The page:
Format

Send to

Choose Destination
Eur J Pharmacol. 2018 Apr 5;824:11-16. doi: 10.1016/j.ejphar.2018.01.040. Epub 2018 Jan 31.

MEHP promotes the proliferation of cervical cancer via GPER mediated activation of Akt.

Author information

1
Yinzhou People's Hospital, Baizhang East Road No.251, Yinzhou District, Ningbo City, Zhejiang Province 315040, PR China.
2
Yinzhou People's Hospital, Baizhang East Road No.251, Yinzhou District, Ningbo City, Zhejiang Province 315040, PR China. Electronic address: drxueheli@163.com.

Abstract

Cervical cancer is the fourth leading cause of cancer death in females worldwide and the second leading cause of mortality among women. Estrogenic signals can regulate the progression of cervical cancer, however, little is known about the mono-2-ethyhexyl phthalate (MEHP), an environmental xenoestrogen, on the development of cervical cancers. Our present data showed that nanomolar concentrations of MEHP can trigger the proliferation, while not invasion, of cervical cancer HeLa and SiHa cells, which was confirmed by the results that MEHP can also increase the expression of proliferating cell nuclear antigen (PCNA). MEHP treatment can increase the phosphorylation and nuclear localization of Akt, while had no effect on the activation of ERK1/2 or p65. Targeted inhibition of Akt via its specific siRNA or inhibitor can reverse MEHP induced cell proliferation. In addition, the inhibitor of G protein coupled estrogen receptor (GPER), while not estrogen receptor α (ERα), can abolish MEHP induced phosphorylation of Akt and cell proliferation, suggesting that GPER is involved in MEHP induced activation of Akt. Collectively, our data showed that MEHP can trigger the progression of cervical cancer via activation of GPER/Akt. It suggested that MEHP exposure is also an important risk factor for development and progression of cervical cancers.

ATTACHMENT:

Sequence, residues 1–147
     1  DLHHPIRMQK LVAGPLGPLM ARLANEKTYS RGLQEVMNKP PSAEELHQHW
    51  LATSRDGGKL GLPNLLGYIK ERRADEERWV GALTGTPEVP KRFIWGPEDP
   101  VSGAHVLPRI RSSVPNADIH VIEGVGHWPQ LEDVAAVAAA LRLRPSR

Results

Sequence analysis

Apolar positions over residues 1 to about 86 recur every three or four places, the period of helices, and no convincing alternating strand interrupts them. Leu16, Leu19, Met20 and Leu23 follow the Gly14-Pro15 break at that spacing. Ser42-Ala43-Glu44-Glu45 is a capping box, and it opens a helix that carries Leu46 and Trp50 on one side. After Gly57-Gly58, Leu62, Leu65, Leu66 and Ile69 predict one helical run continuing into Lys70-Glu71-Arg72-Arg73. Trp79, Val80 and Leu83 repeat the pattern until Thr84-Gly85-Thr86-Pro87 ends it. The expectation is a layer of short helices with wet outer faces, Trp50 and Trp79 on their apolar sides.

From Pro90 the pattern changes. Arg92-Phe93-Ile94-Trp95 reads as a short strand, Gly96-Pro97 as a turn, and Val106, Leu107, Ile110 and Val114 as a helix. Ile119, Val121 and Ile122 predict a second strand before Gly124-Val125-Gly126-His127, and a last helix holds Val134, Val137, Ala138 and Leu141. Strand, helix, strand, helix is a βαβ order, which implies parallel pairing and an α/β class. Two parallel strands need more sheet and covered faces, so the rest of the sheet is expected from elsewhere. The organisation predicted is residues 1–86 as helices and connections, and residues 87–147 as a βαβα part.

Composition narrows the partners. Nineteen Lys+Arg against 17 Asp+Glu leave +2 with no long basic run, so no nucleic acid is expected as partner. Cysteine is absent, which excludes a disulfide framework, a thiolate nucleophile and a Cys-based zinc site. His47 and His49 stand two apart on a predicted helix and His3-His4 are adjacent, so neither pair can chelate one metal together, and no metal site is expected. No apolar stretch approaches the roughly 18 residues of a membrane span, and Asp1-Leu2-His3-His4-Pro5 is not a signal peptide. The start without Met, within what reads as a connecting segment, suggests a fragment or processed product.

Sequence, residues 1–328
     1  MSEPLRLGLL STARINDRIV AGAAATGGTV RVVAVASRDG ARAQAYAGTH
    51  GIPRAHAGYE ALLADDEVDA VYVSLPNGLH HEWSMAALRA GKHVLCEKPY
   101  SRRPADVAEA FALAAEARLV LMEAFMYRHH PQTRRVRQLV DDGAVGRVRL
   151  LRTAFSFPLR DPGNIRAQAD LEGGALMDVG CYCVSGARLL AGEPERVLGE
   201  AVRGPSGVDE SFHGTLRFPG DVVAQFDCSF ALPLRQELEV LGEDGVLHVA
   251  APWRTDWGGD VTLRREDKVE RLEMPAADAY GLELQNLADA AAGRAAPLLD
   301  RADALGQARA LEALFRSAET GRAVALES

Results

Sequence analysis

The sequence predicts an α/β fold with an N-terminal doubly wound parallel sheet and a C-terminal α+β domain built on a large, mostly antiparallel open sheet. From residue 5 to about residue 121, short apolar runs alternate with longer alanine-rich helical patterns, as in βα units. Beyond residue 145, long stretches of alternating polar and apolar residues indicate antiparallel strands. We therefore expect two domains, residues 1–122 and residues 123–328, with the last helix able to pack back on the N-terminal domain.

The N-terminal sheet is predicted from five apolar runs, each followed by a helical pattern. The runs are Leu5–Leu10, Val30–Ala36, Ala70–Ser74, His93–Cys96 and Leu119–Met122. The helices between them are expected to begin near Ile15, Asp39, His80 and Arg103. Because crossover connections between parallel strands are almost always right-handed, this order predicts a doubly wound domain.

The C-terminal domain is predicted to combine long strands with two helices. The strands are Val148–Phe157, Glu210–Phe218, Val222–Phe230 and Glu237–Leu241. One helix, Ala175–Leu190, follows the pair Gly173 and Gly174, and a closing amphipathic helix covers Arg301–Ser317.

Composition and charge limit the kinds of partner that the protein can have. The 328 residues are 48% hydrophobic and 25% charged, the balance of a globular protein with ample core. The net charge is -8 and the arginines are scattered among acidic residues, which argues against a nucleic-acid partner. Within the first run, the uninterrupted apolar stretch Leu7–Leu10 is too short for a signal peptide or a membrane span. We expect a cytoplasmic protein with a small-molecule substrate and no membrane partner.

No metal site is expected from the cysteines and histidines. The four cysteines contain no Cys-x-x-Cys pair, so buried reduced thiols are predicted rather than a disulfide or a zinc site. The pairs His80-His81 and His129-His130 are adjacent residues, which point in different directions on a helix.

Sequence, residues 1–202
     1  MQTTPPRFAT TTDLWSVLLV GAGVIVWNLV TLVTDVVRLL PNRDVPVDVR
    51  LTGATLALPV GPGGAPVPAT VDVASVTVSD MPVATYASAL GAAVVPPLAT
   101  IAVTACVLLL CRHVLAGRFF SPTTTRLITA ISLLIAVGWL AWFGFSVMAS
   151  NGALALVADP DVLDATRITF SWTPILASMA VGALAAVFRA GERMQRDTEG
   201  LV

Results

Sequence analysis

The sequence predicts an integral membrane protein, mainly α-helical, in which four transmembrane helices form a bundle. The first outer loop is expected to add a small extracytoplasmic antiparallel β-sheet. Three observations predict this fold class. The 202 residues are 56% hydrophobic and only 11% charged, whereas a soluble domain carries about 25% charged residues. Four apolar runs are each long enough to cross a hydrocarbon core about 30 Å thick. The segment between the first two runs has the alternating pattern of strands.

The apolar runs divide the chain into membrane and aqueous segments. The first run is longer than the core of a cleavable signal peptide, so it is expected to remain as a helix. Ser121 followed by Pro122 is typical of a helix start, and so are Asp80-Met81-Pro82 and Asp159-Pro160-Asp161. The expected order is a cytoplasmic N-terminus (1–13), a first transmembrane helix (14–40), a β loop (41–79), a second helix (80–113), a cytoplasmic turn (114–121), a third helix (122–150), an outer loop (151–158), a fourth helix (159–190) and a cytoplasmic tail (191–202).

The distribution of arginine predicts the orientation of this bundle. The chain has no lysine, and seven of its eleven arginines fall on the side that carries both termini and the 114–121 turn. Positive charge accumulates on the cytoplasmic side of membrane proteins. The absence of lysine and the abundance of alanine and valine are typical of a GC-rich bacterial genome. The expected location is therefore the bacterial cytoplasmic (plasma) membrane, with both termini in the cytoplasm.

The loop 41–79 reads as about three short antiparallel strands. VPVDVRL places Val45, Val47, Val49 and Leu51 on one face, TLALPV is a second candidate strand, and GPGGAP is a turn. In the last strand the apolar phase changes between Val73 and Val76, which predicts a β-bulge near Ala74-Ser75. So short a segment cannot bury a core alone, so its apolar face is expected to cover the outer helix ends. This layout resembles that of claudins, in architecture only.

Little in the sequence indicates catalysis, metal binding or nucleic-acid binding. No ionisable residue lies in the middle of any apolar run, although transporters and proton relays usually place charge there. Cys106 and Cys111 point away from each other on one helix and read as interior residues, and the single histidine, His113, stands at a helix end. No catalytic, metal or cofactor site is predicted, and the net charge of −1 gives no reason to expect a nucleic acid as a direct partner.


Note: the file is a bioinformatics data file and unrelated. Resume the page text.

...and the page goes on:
KEYWORDS:

Akt; Cervical cancer; GPER; MEHP; Proliferation

PMID:
29382535
DOI:
10.1016/j.ejphar.2018.01.040
[Indexed for MEDLINE]

Supplemental Content

Full text links

Icon for Elsevier Science
Loading ...
Support Center